The trustees of the Jimmy Savile Charitable Trust are continuing their legal bid to block a compensation scheme for the disgraced broadcaster’s victims, because they say it could mean that more money goes to lawyers than to victims.
The trust was set up in 1985 to provide funds for the relief of poverty and sickness, and other charitable purposes, according to its entry on the Charity Commission’s register of charities.
According to its accounts, it was bequeathed the bulk of Savile’s estate, but will not receive this money until the matter of compensation for his victims has been concluded.
In February, the trustees of the charity went to the High Court to attempt to block a compensation scheme put together by the law firm Slater & Gordon, which represents more than 175 of those victims, and to have NatWest removed as the will’s executor.
The charity’s legal bid was rejected, but it applied for leave to appeal again this May.
This permission has now been granted by the High Court. A statement from the two trustees of the charity, prepared by its law firm PWT Advice, said its appeal had two aspects.
"First, we remain concerned by the amount of legal fees that NatWest has incurred (over £0.5m to date)," the statement said. "We are particularly concerned that NatWest’s lawyers took their fees from the estate without having any authority to do so at the time."
The second point, it said, was the fairness of the compensation scheme. "The current scheme gives the claimants’ lawyers an automatic right to claim fees of about £14,000 per claimant, irrespective of the amount the claimant receives," the statement said. "This could mean a claimant receives only a fraction of the amount paid to the lawyers."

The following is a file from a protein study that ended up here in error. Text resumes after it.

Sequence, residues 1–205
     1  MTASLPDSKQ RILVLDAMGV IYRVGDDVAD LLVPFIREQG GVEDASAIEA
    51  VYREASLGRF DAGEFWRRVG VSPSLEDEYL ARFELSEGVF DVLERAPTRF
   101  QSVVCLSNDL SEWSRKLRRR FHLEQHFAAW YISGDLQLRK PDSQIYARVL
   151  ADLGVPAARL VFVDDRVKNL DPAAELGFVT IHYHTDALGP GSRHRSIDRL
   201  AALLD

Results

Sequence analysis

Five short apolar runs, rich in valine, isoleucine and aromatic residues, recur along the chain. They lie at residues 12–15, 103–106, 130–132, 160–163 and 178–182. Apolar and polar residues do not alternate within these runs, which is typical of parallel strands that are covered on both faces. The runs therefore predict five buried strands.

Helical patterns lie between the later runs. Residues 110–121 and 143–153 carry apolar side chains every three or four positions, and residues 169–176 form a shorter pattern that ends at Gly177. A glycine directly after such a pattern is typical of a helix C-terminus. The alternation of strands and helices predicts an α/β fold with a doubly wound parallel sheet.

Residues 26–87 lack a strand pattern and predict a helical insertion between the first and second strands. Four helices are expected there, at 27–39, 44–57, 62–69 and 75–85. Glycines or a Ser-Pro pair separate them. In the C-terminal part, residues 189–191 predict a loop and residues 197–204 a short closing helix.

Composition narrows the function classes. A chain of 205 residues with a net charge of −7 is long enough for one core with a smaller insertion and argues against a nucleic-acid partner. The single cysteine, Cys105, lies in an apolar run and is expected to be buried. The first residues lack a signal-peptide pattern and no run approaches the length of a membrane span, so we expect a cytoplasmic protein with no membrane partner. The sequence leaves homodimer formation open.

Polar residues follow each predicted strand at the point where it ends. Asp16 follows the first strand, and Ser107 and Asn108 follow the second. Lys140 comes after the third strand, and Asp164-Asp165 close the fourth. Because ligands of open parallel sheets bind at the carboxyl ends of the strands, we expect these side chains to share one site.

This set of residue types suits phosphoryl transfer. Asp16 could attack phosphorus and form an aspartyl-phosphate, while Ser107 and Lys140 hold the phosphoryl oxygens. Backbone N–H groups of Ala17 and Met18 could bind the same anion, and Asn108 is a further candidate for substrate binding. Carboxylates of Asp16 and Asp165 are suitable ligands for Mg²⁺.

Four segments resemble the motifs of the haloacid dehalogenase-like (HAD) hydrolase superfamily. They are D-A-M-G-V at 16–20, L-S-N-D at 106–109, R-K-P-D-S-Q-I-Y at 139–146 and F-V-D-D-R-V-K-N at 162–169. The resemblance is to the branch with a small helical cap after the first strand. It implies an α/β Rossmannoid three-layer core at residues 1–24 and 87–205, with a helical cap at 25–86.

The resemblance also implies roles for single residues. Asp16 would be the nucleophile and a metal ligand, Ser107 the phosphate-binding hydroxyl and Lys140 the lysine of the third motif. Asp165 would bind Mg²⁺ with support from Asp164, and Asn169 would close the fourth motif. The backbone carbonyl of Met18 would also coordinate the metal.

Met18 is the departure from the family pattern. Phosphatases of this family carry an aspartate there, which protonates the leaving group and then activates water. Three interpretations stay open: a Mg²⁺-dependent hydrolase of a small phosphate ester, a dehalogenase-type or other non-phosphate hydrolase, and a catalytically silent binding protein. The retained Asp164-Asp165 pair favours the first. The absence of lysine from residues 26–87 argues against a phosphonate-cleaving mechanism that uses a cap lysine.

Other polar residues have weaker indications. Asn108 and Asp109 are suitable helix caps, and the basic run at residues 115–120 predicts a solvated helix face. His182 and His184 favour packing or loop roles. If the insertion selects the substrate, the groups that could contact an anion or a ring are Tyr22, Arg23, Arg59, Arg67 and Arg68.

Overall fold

This in turns means that more than £2m of the estate could be paid in legal fees, the statement said.
Jimmy Savile’s estate was initially believed to be worth more than £4m after his death in October 2011, but it is now valued at about £3.2m.
"It is our hope that we can protect the value of the estate by our application so that more money is available to pay to those who have proper claims against the estate," the trustees’ statement said. "As charity trustees, we also have an obligation to protect the funds that will go to charity, if there is anything left in the estate after paying the claims."
Jo Summers, a partner at PWT Advice, said: "The appeal will be heard in the Court of Appeal in the next court term, but we haven't got a date fixed yet. We're waiting for the court listing people to give us a date." The next legal term runs from 1 October to 19 December.
No one from Slater & Gordon or NatWest was immediately available for comment.